The Serampore Initiative has come to an end with the inauguration of the freshly restored Old Government House within the Serampore Court complex on Friday.
The more than decade old journey of the Initiative, backed by the National Museum of Denmark, Realdania, a philanthropic organisation and Bente Wolff as project director, has come a full circle with the historical precincts of St Olav’s Church, the steeple of which can be seen from the Old Government House, the Red Building, the North and South Gates and not to forget the now popular Denmark Tavern, up and running.
When Wolff arrived in Serampore in 2008, she came here with historian Simon Rasten and restoration architect Flemmin Aauland to survey what was then the dilapidated remnants of the Danish settlement here.
All they had for reference was historical paintings and newspaper reports.
Wolff and her team started work on October 7, 2015 with a puja at the ruins of the tavern. They slowly renovated the North and South Gates that were in absolute ruins, redrew the tavern plan based on archival material while the state government took up the restoration of the Old Government House.
Slowly, they restructured the entire precincts and started restoration initially with Realdania pitching in with funds.
Later, the West Bengal Heritage Commission took over and became a partner in the restoration and the West Bengal Tourism Development Corporation took up the ownership and maintenance of the tavern.
The Old Government House was restored by the Commission with Aauland as consultant and architect Gopa Sen, the local expert.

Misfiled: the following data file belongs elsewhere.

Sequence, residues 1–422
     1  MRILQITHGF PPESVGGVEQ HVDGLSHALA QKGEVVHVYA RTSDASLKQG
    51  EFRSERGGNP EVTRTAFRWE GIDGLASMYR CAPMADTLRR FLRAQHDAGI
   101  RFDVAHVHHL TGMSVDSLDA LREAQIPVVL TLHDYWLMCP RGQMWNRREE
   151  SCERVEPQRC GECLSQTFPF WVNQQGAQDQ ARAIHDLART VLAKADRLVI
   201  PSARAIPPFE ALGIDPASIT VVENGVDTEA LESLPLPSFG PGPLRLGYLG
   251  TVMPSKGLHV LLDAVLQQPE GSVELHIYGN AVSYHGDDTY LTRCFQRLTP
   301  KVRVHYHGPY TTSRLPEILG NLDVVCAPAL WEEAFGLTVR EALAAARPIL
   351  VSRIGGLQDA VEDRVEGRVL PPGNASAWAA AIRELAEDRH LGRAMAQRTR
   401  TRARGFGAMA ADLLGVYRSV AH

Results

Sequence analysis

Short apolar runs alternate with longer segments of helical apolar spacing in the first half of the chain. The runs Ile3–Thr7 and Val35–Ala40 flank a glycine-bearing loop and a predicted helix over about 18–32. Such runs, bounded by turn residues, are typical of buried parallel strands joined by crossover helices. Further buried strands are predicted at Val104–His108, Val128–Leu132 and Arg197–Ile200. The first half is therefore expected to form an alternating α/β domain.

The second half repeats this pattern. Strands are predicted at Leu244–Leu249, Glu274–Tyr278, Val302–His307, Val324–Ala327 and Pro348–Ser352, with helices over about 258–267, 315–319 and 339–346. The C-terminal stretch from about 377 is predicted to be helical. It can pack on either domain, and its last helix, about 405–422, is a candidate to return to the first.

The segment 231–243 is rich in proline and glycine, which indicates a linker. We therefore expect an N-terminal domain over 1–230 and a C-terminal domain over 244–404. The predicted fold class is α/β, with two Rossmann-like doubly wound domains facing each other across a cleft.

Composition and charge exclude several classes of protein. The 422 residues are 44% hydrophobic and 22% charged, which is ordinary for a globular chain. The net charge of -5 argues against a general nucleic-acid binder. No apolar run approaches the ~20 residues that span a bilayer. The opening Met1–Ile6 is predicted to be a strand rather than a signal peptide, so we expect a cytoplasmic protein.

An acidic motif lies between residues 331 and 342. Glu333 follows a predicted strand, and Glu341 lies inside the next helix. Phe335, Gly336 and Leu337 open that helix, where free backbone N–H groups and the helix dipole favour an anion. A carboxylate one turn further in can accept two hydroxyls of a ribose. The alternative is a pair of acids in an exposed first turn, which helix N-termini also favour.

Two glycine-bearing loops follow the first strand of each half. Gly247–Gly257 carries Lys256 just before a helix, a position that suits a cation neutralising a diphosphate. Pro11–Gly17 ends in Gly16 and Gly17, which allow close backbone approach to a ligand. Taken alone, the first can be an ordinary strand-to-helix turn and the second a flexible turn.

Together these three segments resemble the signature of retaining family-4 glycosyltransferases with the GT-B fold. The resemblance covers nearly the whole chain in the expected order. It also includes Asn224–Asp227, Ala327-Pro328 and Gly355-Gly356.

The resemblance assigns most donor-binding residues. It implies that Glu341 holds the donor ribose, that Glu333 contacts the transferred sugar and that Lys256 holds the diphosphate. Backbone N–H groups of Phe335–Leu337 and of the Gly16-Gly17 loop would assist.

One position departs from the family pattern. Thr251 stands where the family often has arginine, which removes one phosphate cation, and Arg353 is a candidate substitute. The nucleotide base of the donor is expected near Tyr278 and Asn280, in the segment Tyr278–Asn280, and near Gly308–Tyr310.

Today, the Denmark Tavern, run by The Park, is the most popular joint with overbooked weekends.
The Red Building, a quaint side building on the court premises that used to be the British land registration office, now has an equally popular eatery called Vheto that serves Bengali cuisine like mochar chop and posto boda.
“Its quite popular with the local young people here,” said Wolff.
St Olav’s Church, now with the Church of North India (CNI), caters to the local congregation though Wolff feels “it is under utilised”.
The success of restored heritage lies in the adaptive reusage and the popularity of the tavern and the Red Building are living examples of such practice.
Likewise for the Old Government House, Wolff has plans: “It will house the Subdivisional Information and Cultural Office. We have also put up a permanent low maintenance exhibition on Serampore here. A room has been given to a local group, Serampore Heritage Restoration Initiative, and the southern halls could be rented out for government and private events while the lovely terrace could be another popular café.”
Talking about the interest in Serampore, Wolff said: “I see Serampore as part of global history. The Bhagirathi river was a world trade centre. The Europeans came here because they could trade and Bengal was a wealth in textiles, spice, saltpetre, jute fibre that could be used in shipping. As a result not just European traders but Bengali traders too flourished. And so we have here grand zamindar houses and European houses as well. Unfortunately, we could not take up the restoration of private houses.”
“A renovated heritage precinct is an asset of the town. It has a big influence on the surroundings. I am told ladies here feel safe to come to the riverfront at nine at night,” said Wolff.